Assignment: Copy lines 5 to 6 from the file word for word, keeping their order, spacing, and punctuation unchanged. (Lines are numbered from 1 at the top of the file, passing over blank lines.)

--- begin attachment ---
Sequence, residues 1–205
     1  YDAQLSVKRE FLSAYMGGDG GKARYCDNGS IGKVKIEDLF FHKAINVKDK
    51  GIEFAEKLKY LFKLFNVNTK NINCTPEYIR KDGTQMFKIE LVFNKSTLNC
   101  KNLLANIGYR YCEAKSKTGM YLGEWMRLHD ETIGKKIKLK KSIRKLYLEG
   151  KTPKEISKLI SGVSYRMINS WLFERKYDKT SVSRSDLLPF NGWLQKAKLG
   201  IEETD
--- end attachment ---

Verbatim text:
   151  KTPKEISKLI SGVSYRMINS WLFERKYDKT SVSRSDLLPF NGWLQKAKLG
   201  IEETD